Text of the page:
“So you see what a balance it is,” says Father Cyprian Consiglio, the prior. Cerebral and genially authoritative, Cyprian recently turned 60 but seems 20 years younger as we hike up the steep mountain trail above the hermitage. His German shepherd, Aldo, bounds ahead and, like a spiritual goal, disappears at intervals. In its earliest days, observance at the hermitage was closer to the Trappist ideal of austerity and near-absolute silence. But thanks to the freedom that Benedictine monasteries have from central command, the New Camaldoli has been able to adapt to the liberalism of its Californian setting. “There’s a possibility,” says Cyprian, “that this kind of life, because of its flexibility, may be a harbour for people who still want the monastic life, still want the liturgical spirituality, but don’t necessarily want that militaristic model that you so often find in monasteries.” Still, liberalism has its limits. “The liturgy, the scripture, the ritual, the tradition, is the container that holds this life together. You start losing that, it’s a free-for-all.”

Back at the hermitage I attend mass. The monks in their white habits sit on functional wooden chairs in their starkly lit, minimalist chapel. The congregation, ten of us in our unceremonious chinos and cagoules, sit farther back, and stand along with the monks when psalms are sung. “Why do the nations say, ‘Where is their God?’” chant the monks in unison. “Our God is in heaven. He does whatever pleases him.” For the eucharist, we pass into the rotunda, lit a cooler, science-fictional blue. The congregation lines the walls as a monk swings incense. The priest raises his arms in consecration. One by one, each person steps up to receive the host.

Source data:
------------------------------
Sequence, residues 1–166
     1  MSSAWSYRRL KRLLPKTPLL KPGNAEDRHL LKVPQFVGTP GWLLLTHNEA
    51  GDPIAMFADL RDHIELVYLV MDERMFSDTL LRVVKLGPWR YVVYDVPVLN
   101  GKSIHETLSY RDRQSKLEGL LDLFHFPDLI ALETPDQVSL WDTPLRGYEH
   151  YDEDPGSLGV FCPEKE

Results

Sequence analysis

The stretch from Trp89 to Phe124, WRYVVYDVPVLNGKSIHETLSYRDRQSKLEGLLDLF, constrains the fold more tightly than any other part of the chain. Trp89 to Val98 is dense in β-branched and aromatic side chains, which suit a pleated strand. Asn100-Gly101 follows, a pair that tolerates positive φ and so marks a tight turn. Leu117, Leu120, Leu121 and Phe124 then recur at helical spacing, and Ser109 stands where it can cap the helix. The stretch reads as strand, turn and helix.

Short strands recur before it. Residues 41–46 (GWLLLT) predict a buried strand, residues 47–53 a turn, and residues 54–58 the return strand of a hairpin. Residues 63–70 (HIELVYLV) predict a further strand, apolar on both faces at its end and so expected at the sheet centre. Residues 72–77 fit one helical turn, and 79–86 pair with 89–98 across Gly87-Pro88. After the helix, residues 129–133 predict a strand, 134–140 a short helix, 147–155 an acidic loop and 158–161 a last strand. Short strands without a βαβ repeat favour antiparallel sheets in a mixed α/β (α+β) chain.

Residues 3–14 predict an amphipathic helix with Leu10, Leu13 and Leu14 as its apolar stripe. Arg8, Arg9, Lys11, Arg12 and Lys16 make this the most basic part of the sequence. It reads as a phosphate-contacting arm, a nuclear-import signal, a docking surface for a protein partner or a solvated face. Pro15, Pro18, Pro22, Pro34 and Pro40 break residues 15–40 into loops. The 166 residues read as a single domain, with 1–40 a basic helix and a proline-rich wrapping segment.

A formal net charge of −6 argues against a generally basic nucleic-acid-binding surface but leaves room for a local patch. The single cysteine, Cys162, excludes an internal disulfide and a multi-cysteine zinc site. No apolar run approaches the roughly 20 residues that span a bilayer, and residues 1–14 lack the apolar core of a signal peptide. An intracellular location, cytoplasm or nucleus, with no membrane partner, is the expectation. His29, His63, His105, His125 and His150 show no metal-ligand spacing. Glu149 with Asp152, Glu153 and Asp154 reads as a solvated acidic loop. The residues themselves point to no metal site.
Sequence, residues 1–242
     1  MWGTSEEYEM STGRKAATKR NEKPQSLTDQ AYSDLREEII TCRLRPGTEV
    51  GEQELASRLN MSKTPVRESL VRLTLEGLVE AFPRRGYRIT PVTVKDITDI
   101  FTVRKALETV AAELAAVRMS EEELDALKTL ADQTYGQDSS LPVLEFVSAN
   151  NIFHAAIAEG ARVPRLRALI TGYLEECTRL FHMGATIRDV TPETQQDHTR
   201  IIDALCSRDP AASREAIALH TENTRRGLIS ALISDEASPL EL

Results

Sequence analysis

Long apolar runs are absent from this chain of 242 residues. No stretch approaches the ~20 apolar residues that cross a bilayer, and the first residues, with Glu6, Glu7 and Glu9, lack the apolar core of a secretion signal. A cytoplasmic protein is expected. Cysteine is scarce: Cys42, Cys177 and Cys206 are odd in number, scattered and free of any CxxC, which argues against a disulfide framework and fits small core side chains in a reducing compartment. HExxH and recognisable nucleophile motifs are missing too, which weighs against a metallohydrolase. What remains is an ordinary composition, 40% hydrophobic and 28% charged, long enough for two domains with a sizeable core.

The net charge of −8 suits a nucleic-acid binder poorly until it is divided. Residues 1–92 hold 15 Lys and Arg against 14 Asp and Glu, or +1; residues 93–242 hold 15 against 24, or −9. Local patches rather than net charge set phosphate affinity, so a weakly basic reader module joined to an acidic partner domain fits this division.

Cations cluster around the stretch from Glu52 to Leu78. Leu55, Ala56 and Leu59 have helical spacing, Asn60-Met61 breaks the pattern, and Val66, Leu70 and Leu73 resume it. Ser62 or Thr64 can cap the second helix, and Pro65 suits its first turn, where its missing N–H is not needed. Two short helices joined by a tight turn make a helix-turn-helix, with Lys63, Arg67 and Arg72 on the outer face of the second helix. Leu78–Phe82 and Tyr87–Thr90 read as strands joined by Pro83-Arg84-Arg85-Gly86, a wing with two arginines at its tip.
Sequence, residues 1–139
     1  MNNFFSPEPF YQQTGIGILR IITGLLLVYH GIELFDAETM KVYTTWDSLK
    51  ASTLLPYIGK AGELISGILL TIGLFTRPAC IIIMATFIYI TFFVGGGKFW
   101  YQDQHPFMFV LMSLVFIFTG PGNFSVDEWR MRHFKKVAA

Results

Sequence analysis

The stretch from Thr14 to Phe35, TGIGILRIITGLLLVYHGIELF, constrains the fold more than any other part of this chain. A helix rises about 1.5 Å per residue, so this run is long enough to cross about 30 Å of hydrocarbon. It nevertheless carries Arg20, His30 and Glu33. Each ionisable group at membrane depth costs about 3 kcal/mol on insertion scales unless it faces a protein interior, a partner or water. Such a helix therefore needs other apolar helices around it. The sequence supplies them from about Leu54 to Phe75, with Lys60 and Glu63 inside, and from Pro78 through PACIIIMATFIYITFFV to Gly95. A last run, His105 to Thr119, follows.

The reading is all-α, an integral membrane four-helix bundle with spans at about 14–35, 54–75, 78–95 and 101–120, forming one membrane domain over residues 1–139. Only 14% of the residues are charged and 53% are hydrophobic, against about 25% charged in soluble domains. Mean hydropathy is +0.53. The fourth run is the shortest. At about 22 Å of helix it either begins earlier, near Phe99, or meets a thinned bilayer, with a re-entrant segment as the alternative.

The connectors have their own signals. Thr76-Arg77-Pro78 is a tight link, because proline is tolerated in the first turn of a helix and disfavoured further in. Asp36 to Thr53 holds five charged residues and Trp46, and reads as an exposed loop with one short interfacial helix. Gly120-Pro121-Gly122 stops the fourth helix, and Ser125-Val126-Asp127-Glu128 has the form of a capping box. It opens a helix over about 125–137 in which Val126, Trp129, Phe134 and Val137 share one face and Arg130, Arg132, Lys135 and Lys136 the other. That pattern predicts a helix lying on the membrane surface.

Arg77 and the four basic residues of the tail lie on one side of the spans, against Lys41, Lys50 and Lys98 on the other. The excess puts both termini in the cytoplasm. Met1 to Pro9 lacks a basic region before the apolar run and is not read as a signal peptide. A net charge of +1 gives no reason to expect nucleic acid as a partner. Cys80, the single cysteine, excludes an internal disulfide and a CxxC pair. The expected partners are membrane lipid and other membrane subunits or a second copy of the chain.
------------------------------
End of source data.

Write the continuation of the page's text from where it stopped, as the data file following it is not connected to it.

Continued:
It’s hard, witnessing the absorption of the monks in the liturgy, to imagine this pitch of observance ever fading. But, as with most monasteries across Christendom, the numbers are discouraging. Of the 15 monks remaining at the hermitage, 12 are over 60 years old. Bryan aside, new candidates are hard to come by. For Brother Bede Healey, the answer lies in greater openness. In 2017 Bede left the hermitage to become Superior of its daughter house, the Incarnation Monastery in Berkeley. “We have to stop thinking we know what young people need,” he tells me. “Whenever someone new comes, it’s this clash of time and cultures. That’s what’s creative. I think the people coming in today have even more to offer us than we have to them.”

Cyprian is more circumspect. “I’m quite open to experimenting with new ways of belonging,” he says, as long as it “doesn’t do away with the classical approach”. As it is, the leniency of the regime is controversial in some Catholic quarters. “The more conservative of our critics call us the hot-tub monks.” It’s Cyprian’s job to strike a balance between the reformists and the old guard. “The two guys who are coming in now, the two postulants, they’re getting by-the-books monastic history, monastic observance, liturgical spirituality.” It’s certainly what Bryan seems to want. Far from seeking recognition for the qualities he can offer the order, his purpose is complete renunciation of the material world. The local retreats catering to Silicon Valley executives offer a spiritual pick-me-up that is anything but renunciatory: you withdraw from the world to return better equipped to live in it. Here, withdrawal is permanent. “I have to crucify everything,” says Bryan, as we walk to midday prayers. “Die to all my desires. I have to give it all to the Lord.” Will he make it all the way to solemn vows? “I’m going to be buried here,” he says, erupting in laughter. “That’s the goal.”